The EarFun Air Pro 3 are the best sub-$80 earbuds I’ve ever used | CNN Underscored

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When you realize exactly what the EarFun Air Pro 3 have to offer, you might think the $80 price tag is a typo. These earbuds come bearing great audio quality, a robust app with tons of customization options and active noise cancellation (ANC) that rivals sets that cost triple the price. They’re yet another winner from the folks behind our favorite affordable earbuds, and I’m not quite sure how EarFun continues to get away with offering so much for so little.

That said, the Pro 3 aren’t the sleekest buds around, and their affordable price does come with some compromises in regards to build quality and controls. But those were all minor drawbacks to a mostly blissful few weeks of listening to music, catching up on podcasts and making phone calls for hours on end while silencing all of the noise around me. Here’s why I think the EarFun Air Pro 3 are the best $80 earbuds you can buy.

The $80 earbuds to get

If you’re looking to spend less than $80 on your next pair of earbuds — without sacrificing high-end features like ANC and sound customization — the EarFun Air Pro 3 are the ones to get.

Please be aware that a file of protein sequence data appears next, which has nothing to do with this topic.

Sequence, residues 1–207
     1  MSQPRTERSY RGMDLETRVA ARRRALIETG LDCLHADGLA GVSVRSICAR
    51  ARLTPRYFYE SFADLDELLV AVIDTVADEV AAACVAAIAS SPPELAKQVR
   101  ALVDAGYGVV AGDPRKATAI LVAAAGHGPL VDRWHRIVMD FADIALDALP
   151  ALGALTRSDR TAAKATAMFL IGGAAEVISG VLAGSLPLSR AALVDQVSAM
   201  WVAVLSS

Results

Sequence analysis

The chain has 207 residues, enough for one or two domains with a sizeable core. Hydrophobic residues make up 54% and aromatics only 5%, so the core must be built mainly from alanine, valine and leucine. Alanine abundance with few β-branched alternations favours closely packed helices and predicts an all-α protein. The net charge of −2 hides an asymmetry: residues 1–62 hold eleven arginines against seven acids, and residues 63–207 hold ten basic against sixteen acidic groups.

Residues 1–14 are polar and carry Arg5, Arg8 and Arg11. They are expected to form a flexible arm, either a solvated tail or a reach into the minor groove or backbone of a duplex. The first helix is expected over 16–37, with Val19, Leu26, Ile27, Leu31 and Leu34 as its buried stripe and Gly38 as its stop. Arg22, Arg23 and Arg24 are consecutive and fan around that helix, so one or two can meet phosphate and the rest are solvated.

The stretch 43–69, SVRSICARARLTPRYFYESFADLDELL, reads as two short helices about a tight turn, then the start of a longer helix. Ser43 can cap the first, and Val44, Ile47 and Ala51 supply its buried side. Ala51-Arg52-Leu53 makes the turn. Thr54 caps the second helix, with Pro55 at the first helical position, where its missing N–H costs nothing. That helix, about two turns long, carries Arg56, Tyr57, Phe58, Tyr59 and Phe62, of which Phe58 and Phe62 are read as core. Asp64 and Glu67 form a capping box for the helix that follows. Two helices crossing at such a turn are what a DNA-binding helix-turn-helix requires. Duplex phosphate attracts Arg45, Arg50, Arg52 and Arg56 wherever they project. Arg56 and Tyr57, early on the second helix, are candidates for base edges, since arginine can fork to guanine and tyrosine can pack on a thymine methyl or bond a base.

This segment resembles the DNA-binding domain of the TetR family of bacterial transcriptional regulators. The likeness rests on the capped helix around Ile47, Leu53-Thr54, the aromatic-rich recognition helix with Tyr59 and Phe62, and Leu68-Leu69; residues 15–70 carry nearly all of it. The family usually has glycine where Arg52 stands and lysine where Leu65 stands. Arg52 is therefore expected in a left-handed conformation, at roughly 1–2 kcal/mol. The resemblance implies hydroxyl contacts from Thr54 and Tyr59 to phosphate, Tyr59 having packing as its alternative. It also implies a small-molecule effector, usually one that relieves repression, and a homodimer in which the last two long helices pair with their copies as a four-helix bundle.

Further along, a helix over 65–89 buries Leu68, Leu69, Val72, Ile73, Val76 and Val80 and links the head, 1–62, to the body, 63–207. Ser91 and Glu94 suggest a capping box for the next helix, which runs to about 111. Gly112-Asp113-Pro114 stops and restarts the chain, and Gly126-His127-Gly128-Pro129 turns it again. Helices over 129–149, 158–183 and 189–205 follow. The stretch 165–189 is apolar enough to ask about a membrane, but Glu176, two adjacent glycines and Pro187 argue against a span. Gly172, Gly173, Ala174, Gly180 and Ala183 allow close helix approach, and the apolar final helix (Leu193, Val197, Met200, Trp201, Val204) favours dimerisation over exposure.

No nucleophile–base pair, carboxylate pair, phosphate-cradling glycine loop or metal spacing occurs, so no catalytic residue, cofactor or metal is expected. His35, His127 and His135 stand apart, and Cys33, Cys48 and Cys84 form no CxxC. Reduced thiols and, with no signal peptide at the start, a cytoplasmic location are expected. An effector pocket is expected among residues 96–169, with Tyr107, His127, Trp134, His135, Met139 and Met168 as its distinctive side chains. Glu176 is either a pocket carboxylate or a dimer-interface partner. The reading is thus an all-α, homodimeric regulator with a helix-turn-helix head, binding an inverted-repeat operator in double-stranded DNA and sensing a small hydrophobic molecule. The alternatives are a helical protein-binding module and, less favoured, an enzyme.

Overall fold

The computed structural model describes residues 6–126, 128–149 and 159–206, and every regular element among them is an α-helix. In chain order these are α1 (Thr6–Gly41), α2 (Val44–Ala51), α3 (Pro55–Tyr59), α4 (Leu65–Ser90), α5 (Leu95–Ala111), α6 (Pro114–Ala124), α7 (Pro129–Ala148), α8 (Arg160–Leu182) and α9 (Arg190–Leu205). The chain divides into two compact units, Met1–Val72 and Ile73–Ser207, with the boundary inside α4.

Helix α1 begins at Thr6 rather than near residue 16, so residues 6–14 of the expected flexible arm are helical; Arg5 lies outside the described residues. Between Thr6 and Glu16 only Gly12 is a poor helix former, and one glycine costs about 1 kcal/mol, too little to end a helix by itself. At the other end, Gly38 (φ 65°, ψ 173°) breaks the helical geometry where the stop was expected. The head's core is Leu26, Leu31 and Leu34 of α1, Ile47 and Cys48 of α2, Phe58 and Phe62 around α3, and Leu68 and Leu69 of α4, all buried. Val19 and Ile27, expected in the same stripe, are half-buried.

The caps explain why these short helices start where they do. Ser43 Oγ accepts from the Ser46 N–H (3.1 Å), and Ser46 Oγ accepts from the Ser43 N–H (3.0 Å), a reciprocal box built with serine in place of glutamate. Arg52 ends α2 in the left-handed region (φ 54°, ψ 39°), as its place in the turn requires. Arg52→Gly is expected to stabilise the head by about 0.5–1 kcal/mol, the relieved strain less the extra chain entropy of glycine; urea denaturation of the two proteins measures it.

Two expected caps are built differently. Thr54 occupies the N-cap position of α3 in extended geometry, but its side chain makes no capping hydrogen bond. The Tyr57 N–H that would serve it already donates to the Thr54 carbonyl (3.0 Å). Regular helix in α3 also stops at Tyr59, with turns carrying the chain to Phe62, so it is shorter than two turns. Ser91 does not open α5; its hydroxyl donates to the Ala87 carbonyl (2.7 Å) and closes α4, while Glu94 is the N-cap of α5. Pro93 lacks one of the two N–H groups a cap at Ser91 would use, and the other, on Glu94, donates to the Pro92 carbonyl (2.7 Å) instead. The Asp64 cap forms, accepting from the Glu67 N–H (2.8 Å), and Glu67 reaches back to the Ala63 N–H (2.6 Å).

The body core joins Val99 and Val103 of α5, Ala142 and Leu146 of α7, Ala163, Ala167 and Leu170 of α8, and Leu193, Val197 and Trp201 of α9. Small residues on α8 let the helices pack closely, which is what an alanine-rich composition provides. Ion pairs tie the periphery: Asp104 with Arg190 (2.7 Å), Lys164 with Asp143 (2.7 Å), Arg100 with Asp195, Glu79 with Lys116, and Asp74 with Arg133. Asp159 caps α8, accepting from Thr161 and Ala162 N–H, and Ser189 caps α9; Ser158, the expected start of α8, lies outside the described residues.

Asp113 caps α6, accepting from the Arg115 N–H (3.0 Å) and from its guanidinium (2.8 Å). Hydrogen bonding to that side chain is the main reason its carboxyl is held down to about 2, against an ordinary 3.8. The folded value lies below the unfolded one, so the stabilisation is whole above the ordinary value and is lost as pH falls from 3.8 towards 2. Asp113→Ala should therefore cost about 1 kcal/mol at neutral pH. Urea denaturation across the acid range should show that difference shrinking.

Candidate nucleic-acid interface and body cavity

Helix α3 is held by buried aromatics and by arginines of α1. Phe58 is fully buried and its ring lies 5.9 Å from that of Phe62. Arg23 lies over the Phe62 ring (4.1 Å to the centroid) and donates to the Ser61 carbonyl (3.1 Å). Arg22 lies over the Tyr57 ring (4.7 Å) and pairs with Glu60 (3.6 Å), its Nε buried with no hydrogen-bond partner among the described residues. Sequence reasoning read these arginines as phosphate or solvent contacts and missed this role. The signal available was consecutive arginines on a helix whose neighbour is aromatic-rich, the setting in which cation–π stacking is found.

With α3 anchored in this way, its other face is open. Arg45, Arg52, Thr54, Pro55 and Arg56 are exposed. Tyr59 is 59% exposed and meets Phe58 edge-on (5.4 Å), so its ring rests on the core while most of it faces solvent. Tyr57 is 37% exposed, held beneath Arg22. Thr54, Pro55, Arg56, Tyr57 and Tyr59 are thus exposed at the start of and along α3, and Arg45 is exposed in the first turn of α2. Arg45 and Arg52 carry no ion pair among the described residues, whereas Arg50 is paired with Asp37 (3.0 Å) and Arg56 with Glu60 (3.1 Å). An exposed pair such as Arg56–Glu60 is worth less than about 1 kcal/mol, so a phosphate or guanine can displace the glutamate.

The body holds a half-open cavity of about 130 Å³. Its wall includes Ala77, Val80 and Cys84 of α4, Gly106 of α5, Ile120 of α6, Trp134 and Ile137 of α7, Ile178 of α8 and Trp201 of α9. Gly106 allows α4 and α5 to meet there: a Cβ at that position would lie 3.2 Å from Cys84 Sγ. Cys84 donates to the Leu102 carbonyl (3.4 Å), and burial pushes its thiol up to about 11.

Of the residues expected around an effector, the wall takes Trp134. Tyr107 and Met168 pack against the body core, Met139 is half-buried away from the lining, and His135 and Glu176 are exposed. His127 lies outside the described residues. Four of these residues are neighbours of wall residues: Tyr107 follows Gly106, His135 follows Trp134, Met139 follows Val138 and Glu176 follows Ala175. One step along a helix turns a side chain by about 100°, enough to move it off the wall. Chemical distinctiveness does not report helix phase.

Great comfort and impressive sound

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I’ve been using the EarFun Air Pro 3 in place of my usual AirPods Pro 2 for several weeks now, and I occasionally forget I even made the switch. That’s how great these buds feel and sound.

The Air Pro 3 feature the same kind of soft silicone tips you’ll find on more expensive rivals from Apple and Samsung. They’ve felt secure and comfy from the moment I first popped them in, and while they’re not quite as lightweight as my AirPods Pro, it was still easy to forget I was wearing them throughout long hours of working, walking and commuting. You even get a total of four swappable ear tips (large, medium, small and extra small) — that’s on par with the latest AirPods Pro, and more than the three sets that most big-name earbuds offer.

EarFun’s latest buds also sound fantastic, holding up equally well for my usual mix of loud punk and sad, slow indie rock. I could easily pick out each of Boygenius’ three vocalists as their voices swirled together during the emotional “Emily I’m Sorry,” and enjoyed plenty of bouncy bass and crisp guitars when jamming Paramore’s “This Is Why.” There was a noticeable boost in clarity and stereo separation when I went back to my AirPods Pro, but EarFun’s buds come admirably close for something that costs a fraction of their price.